May 29, 2023

The nightmares? A training to learn how to manage real fears

We all do it, even if many do not remember anything upon waking up: it seems that dreaming is a necessary activity for the brain. So much so that even having bad dreams would have its own why: this is supported by a Swiss study according to which they would be a sort of training to manage fears of real life, in order to better respond to situations that cause us anxiety when we are awake. The researchers first tried to understand what happens in the brain while dreaming, performing a high-density electroencephalogram (putting 256 electrodes on the skull instead of ten or so of the standard exam) on 18 volunteers who slept and were periodically woken up to know whether they were dreaming and what the nature of the dream activity was. A discreet discomfort that helped to identify two brain regions that light up when we experience anxiety in dreams: the insula, which when awake involved in the evaluation of emotions and is activated when we are afraid, and the cingulate cortex, which plays a role in behavior reaction to threats.

The mechanism

The areas that fear ignites, in the dream and when awake, are therefore similar; the next step was to try to understand whether being terrified while sleeping has repercussions during the day and so Lampros Perogamvros, the researcher at the University of Geneva who coordinated the investigation, gave just under a hundred volunteers sleep diaries to fill out for a week, to write down the emotions felt during dreams and if and when they had fearful dream experiences. Then, after putting them on an MRI, he showed them neutral or emotionally negative images and recorded how the brain was activated, especially in areas involved in managing emotions such as the amygdala, the prefrontal cortex, the insula and the cortex. tracked.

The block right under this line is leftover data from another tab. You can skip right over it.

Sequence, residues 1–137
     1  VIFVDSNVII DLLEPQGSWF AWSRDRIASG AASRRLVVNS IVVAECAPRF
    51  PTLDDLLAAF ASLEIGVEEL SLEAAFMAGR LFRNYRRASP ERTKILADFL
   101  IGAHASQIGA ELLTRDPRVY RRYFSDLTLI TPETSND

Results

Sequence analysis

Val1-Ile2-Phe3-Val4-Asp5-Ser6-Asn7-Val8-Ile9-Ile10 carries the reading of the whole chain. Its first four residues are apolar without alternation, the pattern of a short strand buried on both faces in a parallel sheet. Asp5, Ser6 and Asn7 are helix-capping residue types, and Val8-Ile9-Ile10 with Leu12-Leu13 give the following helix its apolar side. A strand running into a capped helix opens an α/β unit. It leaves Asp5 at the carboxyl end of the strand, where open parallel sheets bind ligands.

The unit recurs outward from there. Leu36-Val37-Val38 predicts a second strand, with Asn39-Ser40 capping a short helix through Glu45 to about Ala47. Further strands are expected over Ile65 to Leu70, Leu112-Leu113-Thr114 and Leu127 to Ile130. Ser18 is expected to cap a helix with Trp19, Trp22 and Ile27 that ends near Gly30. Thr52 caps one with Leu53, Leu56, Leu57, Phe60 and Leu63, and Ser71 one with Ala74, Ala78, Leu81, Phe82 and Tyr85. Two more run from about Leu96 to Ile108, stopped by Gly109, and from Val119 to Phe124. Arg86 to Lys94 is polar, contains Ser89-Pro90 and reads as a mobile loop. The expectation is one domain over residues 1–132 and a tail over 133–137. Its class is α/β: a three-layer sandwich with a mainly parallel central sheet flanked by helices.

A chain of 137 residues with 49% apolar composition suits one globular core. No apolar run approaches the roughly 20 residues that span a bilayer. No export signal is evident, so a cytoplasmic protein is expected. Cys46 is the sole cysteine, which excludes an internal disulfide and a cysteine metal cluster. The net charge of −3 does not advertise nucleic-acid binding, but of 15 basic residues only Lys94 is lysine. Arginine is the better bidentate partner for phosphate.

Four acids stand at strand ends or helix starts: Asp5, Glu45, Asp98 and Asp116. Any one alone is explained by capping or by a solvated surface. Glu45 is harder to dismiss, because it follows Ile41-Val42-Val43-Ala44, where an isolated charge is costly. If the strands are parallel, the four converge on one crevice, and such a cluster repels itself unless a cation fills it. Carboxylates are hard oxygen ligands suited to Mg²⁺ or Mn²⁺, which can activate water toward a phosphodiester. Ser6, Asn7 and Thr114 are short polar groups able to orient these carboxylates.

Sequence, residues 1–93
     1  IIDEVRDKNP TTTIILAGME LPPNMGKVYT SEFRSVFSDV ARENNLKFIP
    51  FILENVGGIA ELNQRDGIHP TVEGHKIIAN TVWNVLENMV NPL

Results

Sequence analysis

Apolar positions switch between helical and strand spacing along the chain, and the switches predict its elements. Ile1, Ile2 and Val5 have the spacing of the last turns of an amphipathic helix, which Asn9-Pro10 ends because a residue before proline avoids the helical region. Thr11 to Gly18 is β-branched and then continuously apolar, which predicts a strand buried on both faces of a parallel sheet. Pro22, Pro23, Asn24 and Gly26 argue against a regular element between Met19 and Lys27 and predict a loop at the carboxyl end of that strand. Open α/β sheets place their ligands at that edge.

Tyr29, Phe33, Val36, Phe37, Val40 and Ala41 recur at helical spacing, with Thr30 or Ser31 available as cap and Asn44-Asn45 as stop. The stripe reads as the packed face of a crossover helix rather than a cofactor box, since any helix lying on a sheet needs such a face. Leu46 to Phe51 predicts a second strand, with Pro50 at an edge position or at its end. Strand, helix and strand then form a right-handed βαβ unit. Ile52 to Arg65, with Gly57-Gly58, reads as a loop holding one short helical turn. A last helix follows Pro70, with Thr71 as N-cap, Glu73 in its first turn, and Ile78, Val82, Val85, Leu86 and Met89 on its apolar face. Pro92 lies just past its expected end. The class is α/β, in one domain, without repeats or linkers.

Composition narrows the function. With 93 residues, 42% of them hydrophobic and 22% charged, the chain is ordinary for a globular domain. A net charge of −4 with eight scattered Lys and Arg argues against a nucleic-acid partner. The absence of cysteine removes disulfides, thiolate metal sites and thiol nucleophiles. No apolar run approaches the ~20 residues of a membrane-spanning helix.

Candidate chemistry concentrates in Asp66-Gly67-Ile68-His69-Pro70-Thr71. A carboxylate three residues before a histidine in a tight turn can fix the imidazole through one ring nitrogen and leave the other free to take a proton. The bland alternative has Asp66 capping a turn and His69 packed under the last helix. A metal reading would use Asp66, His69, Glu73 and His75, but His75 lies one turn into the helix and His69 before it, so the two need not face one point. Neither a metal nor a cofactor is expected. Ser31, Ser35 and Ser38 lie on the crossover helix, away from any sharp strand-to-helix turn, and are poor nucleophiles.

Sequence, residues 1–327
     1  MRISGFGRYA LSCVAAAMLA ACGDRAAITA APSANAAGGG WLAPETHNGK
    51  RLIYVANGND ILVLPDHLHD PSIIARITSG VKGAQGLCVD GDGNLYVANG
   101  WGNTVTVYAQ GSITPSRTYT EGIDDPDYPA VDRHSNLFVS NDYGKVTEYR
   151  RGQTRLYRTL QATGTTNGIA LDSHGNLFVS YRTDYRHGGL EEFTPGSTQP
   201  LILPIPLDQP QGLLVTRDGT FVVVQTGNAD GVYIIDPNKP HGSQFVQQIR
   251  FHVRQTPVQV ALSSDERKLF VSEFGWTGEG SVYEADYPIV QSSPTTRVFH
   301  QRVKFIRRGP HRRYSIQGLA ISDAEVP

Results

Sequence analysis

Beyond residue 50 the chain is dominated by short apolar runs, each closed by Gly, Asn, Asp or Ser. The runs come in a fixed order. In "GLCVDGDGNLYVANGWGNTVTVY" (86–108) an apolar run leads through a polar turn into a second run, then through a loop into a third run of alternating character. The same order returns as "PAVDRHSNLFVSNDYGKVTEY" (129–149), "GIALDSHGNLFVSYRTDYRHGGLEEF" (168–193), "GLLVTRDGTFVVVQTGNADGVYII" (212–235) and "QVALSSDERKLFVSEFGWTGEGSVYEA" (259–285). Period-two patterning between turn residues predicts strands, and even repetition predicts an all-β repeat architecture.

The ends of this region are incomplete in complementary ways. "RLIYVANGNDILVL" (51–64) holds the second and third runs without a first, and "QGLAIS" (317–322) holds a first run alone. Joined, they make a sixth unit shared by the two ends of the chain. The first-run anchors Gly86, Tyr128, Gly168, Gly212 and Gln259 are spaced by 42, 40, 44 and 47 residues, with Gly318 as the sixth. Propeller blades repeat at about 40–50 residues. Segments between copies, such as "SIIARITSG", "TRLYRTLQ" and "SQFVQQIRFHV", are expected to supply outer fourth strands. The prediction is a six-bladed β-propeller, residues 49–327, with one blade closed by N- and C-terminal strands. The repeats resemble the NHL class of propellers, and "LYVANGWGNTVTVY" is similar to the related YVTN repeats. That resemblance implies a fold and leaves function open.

The results

The longer one feels fear in dreams, the less the amygdala, insula and cingulate cortex are activated in the face of anxious images. The medial prefrontal cortex, on the other hand, which acts as a brake on the amygdala when we feel fear, lights up in proportion to the number of bad dreams: the more they have, the more it becomes active, says Perogamvros. THE dreams therefore could be some kind of training: we simulate terrifying situations while we sleep to prepare ourselves to face with greater cold blood the real dangers, which we encounter while awake. The researcher specifies why we don’t talk about the nightmares that wake us up in the middle of the night with our heart beating madly: Beyond a certain threshold of fear, the benefits of regulating emotions are lost, concludes Perogamvros.

22 October 2020 (change October 22, 2020 | 20:36)



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